Bradford food parcel numbers 'double' in 12 months
The number of food parcels being given out by a Bradford foodbank has doubled over the past 12 months, according to the UK's biggest foodbank operator.
The Trussell Trust said there had been a "phenomenal" rise in people needing emergency food relief in the city.
It said its Bradford foodbank had given food parcels to over 740 people since November 2010, including 160 children.
Gareth Jones, Trussell Trust foodbank manager in Bradford, said: "We simply can't keep up with demand."
Mr Jones said there was a "huge" need for food help in Bradford.
"Our rate of helping people has doubled. Our rate of helping young children has gone up ten-fold," he said.
People in need of emergency food parcels are usually referred by care professionals, such as doctors or social workers.
They can receive a maximum of three food bank vouchers in a row, and each voucher can be redeemed for at least three days food.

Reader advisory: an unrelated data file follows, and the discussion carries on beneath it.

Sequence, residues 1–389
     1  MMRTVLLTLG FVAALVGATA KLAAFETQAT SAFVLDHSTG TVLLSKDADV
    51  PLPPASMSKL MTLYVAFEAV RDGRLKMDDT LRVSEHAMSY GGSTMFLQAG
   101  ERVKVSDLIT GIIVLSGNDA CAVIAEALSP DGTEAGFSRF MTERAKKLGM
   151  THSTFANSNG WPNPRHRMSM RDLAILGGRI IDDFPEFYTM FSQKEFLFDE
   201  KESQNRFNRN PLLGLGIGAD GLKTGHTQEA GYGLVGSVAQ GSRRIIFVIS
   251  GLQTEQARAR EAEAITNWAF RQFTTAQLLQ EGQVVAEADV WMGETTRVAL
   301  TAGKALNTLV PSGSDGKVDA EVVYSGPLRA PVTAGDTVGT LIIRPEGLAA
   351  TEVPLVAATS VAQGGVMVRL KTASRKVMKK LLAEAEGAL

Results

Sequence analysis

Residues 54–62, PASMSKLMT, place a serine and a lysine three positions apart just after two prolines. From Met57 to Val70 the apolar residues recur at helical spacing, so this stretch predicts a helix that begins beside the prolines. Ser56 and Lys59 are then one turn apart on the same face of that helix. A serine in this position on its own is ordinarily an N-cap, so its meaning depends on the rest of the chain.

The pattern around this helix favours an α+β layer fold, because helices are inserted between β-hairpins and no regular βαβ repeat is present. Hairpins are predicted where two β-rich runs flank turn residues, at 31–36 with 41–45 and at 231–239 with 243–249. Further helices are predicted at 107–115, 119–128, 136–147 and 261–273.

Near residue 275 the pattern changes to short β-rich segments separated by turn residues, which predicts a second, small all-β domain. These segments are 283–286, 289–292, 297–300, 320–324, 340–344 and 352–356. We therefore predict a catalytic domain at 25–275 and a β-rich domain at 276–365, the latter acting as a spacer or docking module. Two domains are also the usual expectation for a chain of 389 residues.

Mr Jones said he had seen "the whole spectrum of people in society" coming through the foodbank's doors.
"It can be teenagers, young single mothers, couples with children or senior citizens," he said.
Michelle Hall, her husband Ryan and son Hayden, received emergency food help from the foodbank in Bradford just four weeks ago.
Mrs Hall said the family found themselves without money or food after Mr Hall's hours working at a call centre were slashed.
She said they realised they were at "rock bottom" one mealtime.
"We looked in the freezer and it was empty. There was nothing in there and we were like, what are we going to eat?" she said.
"It can happen to anybody, we're proof of that."
Mr Hall said support provided by the foodbank, including a hot meal and emergency food supplies, had helped the family through a difficult period.
"We are getting there now. We're now trying to take control again."
However, Mr Jones said he expected to see more families like the Halls coming through the doors of the Bradford foodbank in coming months.
"It's usually the food that will be sacrificed to make sure they can keep warm and have a roof over their head," he said.